SAFE Research Webinar: Matthias Thiemann (Sciences Po, Paris)
Speaker: Matthias Thiemann (Sciences Po, Paris)
Title: How Did Economics Change After the Financial Crisis? The Rise of Macro-finance as Mainstream Economic Discourse and the Role of Central Banks and International Organizations in its Establishment
joint work with Oliver Levingston (Sciences Po)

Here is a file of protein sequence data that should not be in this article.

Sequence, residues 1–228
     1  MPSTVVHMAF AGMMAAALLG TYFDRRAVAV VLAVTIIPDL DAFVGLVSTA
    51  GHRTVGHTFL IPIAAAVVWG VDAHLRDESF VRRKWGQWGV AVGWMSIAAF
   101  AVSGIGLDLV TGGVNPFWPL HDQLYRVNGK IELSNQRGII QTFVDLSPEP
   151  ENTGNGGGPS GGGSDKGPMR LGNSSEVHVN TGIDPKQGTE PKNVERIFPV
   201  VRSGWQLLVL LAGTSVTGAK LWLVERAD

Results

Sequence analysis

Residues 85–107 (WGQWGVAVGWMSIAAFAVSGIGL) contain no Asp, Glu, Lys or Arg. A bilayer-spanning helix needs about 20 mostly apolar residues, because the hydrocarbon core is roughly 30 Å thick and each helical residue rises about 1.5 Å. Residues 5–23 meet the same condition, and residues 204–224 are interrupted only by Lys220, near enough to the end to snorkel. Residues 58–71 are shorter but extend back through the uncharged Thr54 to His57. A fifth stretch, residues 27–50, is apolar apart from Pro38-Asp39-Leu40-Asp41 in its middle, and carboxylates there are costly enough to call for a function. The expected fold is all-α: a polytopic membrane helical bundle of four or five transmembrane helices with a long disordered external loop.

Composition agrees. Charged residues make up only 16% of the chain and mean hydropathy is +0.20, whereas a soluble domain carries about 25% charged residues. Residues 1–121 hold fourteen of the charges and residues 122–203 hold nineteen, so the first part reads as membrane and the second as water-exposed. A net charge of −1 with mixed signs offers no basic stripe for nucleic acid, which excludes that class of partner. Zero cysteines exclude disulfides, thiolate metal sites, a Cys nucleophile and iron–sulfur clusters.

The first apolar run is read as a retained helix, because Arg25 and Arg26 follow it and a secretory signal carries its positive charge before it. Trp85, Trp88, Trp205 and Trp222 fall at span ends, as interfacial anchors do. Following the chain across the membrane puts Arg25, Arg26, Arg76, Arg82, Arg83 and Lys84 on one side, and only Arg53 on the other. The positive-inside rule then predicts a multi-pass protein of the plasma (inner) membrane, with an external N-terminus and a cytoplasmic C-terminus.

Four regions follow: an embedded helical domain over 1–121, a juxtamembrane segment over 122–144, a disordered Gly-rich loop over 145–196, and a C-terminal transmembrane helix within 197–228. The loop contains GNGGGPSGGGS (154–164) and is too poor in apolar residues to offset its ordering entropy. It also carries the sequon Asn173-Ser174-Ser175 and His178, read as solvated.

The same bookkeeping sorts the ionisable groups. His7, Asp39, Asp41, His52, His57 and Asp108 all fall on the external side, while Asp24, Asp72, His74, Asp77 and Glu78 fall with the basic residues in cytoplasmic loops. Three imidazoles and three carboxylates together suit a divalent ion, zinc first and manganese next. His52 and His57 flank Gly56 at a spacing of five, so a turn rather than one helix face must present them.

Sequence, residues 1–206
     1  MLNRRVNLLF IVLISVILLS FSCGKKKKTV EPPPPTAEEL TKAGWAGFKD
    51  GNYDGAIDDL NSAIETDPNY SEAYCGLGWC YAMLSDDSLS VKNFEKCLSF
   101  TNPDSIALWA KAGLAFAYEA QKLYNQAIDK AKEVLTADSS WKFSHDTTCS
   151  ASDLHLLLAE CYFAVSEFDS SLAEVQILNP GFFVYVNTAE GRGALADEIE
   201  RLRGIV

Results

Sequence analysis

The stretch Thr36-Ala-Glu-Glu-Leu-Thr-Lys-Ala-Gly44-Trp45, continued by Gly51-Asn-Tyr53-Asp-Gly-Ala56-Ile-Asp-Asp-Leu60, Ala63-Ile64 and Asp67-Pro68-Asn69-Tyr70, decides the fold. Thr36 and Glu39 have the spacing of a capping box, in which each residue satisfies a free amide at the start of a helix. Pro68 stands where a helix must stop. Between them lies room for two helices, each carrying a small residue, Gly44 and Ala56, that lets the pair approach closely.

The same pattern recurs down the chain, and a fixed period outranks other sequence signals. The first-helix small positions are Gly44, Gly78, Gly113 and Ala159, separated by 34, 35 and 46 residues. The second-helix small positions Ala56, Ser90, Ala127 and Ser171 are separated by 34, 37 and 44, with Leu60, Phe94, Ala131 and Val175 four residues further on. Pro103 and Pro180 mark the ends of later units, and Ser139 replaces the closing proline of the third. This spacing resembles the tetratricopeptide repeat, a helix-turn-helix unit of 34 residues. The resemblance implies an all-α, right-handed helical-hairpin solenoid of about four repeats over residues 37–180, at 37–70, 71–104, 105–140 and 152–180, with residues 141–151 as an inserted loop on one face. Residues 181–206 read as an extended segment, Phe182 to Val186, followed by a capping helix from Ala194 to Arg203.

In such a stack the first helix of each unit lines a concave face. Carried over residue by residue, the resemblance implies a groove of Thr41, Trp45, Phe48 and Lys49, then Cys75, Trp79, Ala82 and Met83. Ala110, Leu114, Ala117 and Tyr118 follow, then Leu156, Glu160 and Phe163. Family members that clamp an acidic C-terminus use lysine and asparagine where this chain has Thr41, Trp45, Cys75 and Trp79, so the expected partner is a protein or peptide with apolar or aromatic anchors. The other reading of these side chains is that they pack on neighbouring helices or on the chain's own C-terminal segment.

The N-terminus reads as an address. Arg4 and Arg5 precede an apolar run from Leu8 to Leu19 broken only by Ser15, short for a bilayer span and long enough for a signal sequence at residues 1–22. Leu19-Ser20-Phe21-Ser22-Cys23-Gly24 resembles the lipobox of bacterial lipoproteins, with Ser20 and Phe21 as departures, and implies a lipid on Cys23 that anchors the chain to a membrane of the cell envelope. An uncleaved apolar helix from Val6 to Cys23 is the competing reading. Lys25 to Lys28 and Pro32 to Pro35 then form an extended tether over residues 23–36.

How do abstract academic theories of society, such as economics develop over time? Do they develop internally according to self-referential rules of the discipline or do they evolve with respect to external events? Is there possibly a pattern of both alternating over time? Economics as the academic discourse that seeks to understand economic dynamics and to prescribe optimal economic policies is important because of the impact it exerts on public policies. For few issues this question has been more relevant than for financial markets, which have experienced a long period of deregulation from the 1970s, accompanied by the rise of finance theory, which legitimized such deregulation. This paper investigates how theories of financial markets and their impact on the real economy have developed since the great financial crisis of 2008. Based on a dataset of 142000 economic papers written on the topic since 1990, it shows that a new view on financial markets has taken hold in academia which problematizes the nature of financial markets as instable and subject to boom and bust cycles, which in turn generate negative spillover effects on the macro-economy. It goes on to show that economists in central banks and international organizations have been important producers of such economic knowledge. Based on 32 expert interviews it elaborates on the mode of collaboration between these applied economists and academia in the production of this new knowledge, pointing to the peculiar knowledge production by the former, which is driven by their specific task environment, finding its expression in actionable knowledge and stylized facts about the economy-finance relationship.